Many women focus on when they are ovulating when they are trying to conceive, but far too few women think about other risk factors that they might have. One of those is toxoplasmosis. This is an infection caused by a parasite that is often found in undercooked meat, cat litter boxes, and in other places. It’s usually not a big issue for healthy people and many times they won’t even show symptoms. For pregnant women, though, it can be much more serious and if the infection occurs during pregnancy and is passed onto the fetus serious damage may result. In some cases the baby is born looking normal but the infection takes its toll over the first year and may cause brain damage, blindness, developmental delays, and other issues. There is treatment, but the treatment can’t erase the potential damage that may have occurred in the womb. So, what’s the easiest way to avoid toxoplasmosis? The answer is to avoid cats, their litter boxes, and raw meat if you are trying to conceive.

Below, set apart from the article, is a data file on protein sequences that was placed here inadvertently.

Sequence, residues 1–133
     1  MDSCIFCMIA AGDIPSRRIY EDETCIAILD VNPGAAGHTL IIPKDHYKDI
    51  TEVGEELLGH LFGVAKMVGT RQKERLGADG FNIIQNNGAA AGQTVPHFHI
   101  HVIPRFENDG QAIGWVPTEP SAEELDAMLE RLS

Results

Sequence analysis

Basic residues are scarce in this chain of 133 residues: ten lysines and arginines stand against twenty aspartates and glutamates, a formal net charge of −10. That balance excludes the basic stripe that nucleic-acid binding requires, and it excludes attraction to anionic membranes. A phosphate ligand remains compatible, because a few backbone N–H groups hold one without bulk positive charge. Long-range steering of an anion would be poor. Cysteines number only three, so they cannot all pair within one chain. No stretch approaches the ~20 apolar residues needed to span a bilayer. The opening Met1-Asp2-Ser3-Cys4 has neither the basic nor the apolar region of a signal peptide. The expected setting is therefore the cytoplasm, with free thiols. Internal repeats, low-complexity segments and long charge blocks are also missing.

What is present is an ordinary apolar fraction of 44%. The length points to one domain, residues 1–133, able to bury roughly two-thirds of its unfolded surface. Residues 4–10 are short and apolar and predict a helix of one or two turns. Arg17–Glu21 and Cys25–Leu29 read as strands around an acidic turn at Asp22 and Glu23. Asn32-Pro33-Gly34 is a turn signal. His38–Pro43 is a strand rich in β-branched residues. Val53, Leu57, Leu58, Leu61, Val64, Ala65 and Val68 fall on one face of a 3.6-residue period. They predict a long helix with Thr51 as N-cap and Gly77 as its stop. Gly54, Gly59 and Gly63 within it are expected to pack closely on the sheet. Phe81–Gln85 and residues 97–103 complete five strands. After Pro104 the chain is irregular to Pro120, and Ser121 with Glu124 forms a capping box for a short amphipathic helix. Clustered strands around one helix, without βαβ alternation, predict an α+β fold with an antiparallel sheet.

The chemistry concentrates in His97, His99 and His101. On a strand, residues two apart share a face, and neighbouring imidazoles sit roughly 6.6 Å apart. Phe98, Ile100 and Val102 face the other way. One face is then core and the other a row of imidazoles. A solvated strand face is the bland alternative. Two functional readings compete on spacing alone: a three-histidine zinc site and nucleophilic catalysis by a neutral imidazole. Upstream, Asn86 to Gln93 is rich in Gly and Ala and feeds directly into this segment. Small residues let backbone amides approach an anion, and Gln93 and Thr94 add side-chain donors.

You may be one of those people who can’t eat a steak unless it is cooked medium rare or perhaps you don’t wash your hands well enough after touching raw meat and then put your hands in your mouth. You could have several cats and are in charge of changing the litter box. Regardless of what your risk factor is for toxoplasmosis you need to eliminate them. It’s easy to put someone else in charge of changing your cat’s litter box and you can suffer through eating well cooked meat until you get pregnant and give birth at least.
If you have some of the risk factors above for toxoplasmosis and are actively trying to conceive then please get checked first. A simple blood test can let you know whether you are infected or not and then a course of antibiotics can get you cleared up and ready for pregnancy. Doctors say that once you are infected and cured you won’t get infected again so it’s definitely worth taking the time to get checked before you get pregnant. There are too many things to worry about in pregnancy as it is that you don’t want to add something else to it. If you don’t have any real risk factors you are probably okay, but it still makes sense to get some blood work before getting pregnant to make sure everything is okay and you are ready to conceive.